These Are the Days in Victoria Square: Portraits of Refugees in Athens

“No one leaves home unless home is the mouth of a shark.” — Warsan Shire


The migrant crisis in Europe has already reached critical levels with new arrivals from war torn Syria and Afghanistan (not to mention others) now having surpassed half a million in number over the last nine months. While the flow of potential refugees into Europe is affecting the entirety of the continent, Athens, Greece is now bearing the brunt as chartered ferries swell with new arrivals from eastern Aegean islands such as Lesbos, Samos, Kos and Chios. A kind of makeshift camp now sits in the heart of the city, Victoria Square, site of where Theseus forever courts poor Hippodamia.


Coming in the wake of Greece’s own economic downturn and political upheaval, tension with locals is mounting as Athenians race to help in any way they can before winter sets in, potentially stranding the thousands of refugees there for the winter. Huddled, hungry and homesick orphans, heartsick mothers and others with an uncertain future regroup before the big push towards Germany begins again, despite the lack of basic facilities.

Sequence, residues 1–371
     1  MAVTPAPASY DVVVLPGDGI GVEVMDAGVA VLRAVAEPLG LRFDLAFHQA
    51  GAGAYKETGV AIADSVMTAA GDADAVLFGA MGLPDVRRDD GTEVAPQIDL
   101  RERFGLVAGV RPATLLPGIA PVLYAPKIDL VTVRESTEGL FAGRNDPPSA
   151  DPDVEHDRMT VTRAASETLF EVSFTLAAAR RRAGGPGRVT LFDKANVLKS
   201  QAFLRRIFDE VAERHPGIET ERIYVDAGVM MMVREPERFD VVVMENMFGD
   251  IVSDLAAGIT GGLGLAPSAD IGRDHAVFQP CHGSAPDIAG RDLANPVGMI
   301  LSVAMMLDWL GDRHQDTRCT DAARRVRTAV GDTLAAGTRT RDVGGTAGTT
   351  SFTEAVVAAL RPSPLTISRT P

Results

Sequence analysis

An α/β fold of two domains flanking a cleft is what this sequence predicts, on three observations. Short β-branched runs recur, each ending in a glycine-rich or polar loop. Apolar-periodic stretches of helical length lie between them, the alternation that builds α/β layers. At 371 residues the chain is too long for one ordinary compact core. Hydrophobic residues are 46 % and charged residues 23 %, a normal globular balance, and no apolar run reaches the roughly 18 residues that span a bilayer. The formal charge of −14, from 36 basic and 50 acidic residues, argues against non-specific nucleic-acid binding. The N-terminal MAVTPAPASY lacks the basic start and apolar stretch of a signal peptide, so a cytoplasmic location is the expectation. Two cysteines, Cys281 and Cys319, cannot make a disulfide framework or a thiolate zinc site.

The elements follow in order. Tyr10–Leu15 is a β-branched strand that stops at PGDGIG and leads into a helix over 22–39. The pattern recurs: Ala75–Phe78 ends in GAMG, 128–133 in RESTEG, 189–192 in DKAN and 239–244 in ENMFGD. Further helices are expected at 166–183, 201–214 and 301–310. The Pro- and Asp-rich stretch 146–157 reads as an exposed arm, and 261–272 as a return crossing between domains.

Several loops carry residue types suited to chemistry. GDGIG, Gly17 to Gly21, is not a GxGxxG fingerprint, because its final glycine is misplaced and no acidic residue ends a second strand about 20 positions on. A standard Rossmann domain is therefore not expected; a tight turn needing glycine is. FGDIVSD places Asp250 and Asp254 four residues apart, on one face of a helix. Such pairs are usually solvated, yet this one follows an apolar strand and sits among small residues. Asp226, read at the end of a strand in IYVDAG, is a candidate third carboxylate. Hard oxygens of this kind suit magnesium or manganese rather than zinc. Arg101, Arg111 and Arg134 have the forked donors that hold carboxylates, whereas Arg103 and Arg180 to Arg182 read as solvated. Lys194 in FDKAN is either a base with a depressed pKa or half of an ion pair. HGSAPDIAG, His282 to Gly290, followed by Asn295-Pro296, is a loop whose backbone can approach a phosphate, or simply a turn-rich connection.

As the migrants await money from relatives to make the trek through even more uncertain border crossings, miles of highways and muddy fields, other obstacles still unknown, Giorgos Legakis reports from Victoria Square with his insightful photographs that depict a dire humanitarian situation. But not one without hope, says the artist. Only a few steps from his studio, Legakis spent a week in September trying to make sense of what he was seeing. It is amidst this backdrop of urban economic decline that Legakis finds beauty among the ruins. “There is nothing else to do, other than to testify, eyes open, with tenderness and understanding.”

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